There are multiple ways to make your smart TV use a VPN-protected internet connection. Here are some of the ways you can do that;

  • Connecting your smart TV to a VPN-enabled Windows PC connection
  • Installing a VPN directly on your router
  • Creating a virtual router

The easiest way is to use your Windows PC to simply help your smart TV. This means subscribing to and installing a premium VPN on your Windows PC first. Then, you must go into your Windows PC’s hotspot settings and select “share my internet connection over.” After this step, connect your smart TV to the mobile hotspot you just created. This mobile hotspot is now transmitting a VPN-protected WiFi signal to your smart TV! 

Remember, you can also do this on a Mac device, however, the steps are different from Windows 10 (although still completely possible). The logic is the same. Your smart TV is connecting to the VPN-connected internet hotspot you just created on your desktop or laptop computer.

The second-best way to do it (which is the most secure) is to install a VPN directly on your modem/router that spreads WiFi throughout your house. You can also opt for a router that comes pre-installed with a VPN (there are already several models available out there). In fact, it would be most useful to do the latter because the former involves you messing with a bunch of technical settings which may prove tedious if you are not tech-savvy.

And there we are. Using a VPN is paramount these days, whether it is on your smartphone, laptop, desktop, tablet, smart TV, or other Internet-of-Things device (IoT device). Millions of people are already benefiting from the benefits of using a VPN. These benefits are un-censoring the internet, and lifting geographical barriers on streaming content, not to mention the added benefits of military-grade encryption and online anonymity thanks to switchable IP addresses.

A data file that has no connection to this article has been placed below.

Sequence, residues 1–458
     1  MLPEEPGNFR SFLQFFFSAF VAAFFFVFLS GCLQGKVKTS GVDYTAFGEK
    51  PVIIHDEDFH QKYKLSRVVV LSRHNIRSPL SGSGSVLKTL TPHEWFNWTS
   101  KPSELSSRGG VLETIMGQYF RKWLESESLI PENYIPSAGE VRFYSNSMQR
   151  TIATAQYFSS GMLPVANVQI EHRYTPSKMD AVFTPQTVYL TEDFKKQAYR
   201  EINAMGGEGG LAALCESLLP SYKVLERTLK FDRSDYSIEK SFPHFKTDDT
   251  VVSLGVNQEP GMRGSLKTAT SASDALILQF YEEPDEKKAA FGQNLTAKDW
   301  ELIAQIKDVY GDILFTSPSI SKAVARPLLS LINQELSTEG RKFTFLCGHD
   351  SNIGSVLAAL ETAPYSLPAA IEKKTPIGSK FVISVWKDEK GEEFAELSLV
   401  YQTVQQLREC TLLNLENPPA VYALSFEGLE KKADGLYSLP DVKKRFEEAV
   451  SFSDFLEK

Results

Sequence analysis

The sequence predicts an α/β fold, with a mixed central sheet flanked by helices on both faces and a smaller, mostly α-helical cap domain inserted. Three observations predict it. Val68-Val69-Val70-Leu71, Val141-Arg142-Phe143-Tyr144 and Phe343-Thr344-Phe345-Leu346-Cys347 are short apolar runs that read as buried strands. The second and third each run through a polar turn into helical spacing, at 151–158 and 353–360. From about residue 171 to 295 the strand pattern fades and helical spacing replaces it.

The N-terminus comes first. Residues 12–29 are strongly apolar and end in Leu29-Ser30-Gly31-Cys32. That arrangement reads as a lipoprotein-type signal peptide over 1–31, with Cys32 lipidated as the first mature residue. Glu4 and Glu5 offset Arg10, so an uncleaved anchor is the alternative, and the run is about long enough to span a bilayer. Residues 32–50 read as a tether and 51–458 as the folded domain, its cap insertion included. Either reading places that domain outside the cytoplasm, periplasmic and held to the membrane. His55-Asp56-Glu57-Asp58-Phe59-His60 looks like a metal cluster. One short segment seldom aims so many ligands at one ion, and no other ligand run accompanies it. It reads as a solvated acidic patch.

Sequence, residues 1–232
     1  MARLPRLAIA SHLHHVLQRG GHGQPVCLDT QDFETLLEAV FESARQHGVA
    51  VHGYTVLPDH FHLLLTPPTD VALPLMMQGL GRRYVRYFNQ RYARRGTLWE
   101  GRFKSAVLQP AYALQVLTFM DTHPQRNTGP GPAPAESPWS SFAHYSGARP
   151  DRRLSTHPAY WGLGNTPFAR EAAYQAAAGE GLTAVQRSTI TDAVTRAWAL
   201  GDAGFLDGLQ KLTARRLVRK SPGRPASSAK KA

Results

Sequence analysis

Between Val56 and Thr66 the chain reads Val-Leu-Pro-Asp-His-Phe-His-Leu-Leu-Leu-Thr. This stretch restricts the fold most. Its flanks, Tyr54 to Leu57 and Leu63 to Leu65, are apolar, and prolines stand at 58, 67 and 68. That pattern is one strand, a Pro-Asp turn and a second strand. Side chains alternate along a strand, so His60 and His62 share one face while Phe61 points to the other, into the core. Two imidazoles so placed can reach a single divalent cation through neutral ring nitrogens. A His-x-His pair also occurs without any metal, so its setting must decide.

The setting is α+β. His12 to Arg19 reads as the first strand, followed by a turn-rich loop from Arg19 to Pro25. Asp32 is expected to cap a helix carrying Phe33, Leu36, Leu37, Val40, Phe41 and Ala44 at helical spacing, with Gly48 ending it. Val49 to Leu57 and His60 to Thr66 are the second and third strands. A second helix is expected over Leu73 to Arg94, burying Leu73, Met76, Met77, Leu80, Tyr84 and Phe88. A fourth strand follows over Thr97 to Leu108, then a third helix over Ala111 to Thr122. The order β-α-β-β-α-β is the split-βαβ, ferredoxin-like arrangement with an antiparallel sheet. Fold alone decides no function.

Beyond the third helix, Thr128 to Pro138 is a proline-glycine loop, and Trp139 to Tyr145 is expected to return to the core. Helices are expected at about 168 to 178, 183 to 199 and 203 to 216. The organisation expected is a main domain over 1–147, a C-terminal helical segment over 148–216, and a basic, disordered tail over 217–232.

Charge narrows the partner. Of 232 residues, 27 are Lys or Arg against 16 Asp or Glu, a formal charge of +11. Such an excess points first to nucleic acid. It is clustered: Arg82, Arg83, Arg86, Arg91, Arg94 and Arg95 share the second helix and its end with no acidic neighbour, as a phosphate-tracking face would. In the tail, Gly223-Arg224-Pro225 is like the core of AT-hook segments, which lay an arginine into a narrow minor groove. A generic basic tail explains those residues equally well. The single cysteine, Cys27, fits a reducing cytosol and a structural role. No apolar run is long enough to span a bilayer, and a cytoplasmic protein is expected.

Perhaps it won’t be long before we see smart TVs with integrated VPNs. However, remember that doing this manually is always the safest way, which means getting that VPN on the source of your connection which is your router or modem.


Latest articles

US Court Orders NSO Group to Handover Code for Spyware, Pegasus to WhatsApp

Meta, the company that owns WhatsApp, filed a lawsuit against NSO Group in 2019....

New SSO-Based Phishing Attack Trick Users into Sharing Login Credentials  

Threat actors employ phishing scams to trick individuals into giving away important details like...

U.S. Charged Iranian Hacker, Rewards up to $10 Million

The United States Department of Justice (DoJ) has charged an Iranian national, Alireza Shafie...

Huge Surge in Ransomware-as-a-Service Attacks targeting Middle East & Africa

The Middle East and Africa (MEA) region has witnessed a surge in ransomware-as-a-service (RaaS)...

New Silver SAML Attack Let Attackers Forge Any SAML Response To Entra ID

SolarWinds cyberattack was one of the largest attacks of the century in which attackers...

AI Worm Developed by Researchers Spreads Automatically Between AI Agents

Researchers have developed what they claim to be one of the first generative AI...

20 Million+ Cutout.Pro User Records Leaked On Hacking Forums

CutOut.Pro, an AI-powered photo and video editing platform, has reportedly suffered a data breach,...

Live Account Takeover Attack Simulation

Live Account Take Over Attack

Live Webinar on How do hackers bypass 2FA ,Detecting ATO attacks, A demo of credential stuffing, brute force and session jacking-based ATO attacks, Identifying attacks with behaviour-based analysis and Building custom protection for applications and APIs.

Related Articles